Wine glass was dirty - marks from failure to properly rinse. Same deal with some silverware. Service was good.

            I still think the food is too precious. DC had a crab salad that was thousands of tiny shreds of crab, formed into one tiny cake. I always thought that shreds like that were poor form - you know, the ideal is the backfin lump. For the price, you'd think that's what you'd get.

            2 Replies
            1. re: Bob Dobalina

              I beg to differ. In New England it is considered more appropriate to serve Jonah Crab. However the salad should only have contained leg meat, which it sounds like it didn't. Also, 99.9% of the backfin lump crabmeat comes from southeast Asian blue swimmer crabs and has been pasteuized and canned, whereas the Jonah crabs available in Boston are cooked daily on the fish pier, and the meat picked right there. This is the meat that Browne Trading Company has trademarked "Peekytoe Crab," and it considered by many, like Thomas Keller and Charlie Trotter, to be the finest available. To us locals, it's just plain ol' crabmeat.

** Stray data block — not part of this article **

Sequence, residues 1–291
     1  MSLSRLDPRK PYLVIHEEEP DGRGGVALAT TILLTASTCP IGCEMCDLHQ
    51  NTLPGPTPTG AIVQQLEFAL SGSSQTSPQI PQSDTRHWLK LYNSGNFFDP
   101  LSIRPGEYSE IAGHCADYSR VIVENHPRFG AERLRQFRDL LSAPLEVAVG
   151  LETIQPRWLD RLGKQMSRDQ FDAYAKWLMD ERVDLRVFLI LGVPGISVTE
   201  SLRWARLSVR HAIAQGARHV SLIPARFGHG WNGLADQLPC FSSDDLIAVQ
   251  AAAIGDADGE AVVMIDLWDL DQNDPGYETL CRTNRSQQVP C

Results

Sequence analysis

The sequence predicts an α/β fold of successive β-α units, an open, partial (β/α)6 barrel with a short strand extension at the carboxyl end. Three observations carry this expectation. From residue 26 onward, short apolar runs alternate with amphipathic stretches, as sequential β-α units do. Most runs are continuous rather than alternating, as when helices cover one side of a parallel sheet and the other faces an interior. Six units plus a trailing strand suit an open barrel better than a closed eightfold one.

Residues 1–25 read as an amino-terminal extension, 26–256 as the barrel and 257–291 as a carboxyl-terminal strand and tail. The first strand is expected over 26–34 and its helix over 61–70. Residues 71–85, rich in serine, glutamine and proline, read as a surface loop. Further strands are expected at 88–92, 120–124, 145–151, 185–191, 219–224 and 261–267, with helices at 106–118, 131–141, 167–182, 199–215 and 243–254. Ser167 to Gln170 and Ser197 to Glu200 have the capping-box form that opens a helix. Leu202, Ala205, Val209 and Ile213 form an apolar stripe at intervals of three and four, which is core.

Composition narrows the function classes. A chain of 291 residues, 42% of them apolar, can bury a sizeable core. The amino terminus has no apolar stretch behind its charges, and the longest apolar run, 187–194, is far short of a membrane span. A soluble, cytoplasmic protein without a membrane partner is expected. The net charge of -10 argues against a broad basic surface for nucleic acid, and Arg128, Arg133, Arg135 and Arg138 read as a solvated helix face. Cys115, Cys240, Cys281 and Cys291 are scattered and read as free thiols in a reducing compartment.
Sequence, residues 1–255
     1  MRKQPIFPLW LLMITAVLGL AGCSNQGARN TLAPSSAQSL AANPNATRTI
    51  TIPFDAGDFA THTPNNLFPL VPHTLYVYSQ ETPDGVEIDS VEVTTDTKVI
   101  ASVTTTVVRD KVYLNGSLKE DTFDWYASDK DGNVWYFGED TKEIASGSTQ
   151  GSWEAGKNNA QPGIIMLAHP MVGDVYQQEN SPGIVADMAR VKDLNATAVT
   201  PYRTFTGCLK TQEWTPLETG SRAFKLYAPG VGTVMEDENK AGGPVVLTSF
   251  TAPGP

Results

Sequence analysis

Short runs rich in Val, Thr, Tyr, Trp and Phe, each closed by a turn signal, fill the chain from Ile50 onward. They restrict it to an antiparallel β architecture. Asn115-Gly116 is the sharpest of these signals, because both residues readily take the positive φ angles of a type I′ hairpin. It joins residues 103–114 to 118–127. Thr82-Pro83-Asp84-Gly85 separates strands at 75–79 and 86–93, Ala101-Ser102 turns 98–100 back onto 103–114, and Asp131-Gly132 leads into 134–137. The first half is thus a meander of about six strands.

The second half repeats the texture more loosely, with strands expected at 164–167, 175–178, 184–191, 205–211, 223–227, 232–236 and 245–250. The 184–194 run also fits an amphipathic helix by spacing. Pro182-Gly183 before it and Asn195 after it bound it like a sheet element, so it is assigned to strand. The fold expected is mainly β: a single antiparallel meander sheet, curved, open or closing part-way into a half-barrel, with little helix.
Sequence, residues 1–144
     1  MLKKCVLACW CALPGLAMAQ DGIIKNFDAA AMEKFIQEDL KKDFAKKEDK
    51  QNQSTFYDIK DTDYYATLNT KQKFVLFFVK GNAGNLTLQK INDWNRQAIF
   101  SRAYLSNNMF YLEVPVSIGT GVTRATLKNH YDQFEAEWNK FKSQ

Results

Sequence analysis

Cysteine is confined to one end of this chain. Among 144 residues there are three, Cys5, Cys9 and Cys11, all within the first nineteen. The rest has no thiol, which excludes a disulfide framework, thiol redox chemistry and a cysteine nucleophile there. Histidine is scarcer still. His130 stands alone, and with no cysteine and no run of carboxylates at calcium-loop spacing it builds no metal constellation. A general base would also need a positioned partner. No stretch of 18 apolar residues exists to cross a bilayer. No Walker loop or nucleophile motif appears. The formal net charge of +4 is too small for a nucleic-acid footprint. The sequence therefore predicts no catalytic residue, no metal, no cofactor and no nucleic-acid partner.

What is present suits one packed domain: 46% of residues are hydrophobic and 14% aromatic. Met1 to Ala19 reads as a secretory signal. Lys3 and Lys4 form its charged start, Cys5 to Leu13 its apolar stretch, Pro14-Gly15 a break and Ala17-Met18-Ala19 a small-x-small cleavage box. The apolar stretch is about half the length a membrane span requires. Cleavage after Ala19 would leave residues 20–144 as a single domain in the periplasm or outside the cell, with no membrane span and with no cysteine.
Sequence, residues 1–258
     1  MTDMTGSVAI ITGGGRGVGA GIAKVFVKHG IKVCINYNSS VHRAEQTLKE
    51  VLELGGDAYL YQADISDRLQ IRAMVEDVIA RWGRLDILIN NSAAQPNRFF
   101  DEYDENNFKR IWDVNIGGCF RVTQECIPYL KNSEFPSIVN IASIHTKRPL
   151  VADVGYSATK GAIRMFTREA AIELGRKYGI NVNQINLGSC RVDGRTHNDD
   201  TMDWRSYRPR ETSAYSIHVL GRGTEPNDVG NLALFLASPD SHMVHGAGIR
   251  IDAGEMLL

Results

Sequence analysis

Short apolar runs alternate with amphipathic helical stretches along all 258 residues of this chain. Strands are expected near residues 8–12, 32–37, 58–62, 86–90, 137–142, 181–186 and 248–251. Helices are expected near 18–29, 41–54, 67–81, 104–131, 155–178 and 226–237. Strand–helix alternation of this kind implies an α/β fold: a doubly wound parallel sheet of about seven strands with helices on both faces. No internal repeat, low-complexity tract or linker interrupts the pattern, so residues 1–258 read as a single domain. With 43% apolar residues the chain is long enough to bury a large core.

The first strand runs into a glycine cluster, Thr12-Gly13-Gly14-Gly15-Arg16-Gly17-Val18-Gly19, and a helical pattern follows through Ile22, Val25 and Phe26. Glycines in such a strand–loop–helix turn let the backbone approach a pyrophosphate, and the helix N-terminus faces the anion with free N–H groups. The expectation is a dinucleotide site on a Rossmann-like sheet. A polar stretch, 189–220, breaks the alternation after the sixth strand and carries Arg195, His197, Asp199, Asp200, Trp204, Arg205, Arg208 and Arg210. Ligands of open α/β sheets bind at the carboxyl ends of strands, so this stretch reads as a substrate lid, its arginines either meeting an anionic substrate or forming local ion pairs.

1. re: almansa

                Thanks for the info, almansa. I was not aware - My crab experience stems from Maryland where blue crabs are it, ideally caught out of the bay. The finest crabcakes there incorporate backfin, so I figured the same thing here.

            2. So sad! No. 9 has been a staple in my dining life for the past 10+ years, but I haven't been regularly in 3 years since I've had children. The bar has always been the place to be, however, with John & Ryan, and Eli [front desk] is now at B&G often, if you are looking for him. Hopefully, they'll see this post & sharpen up!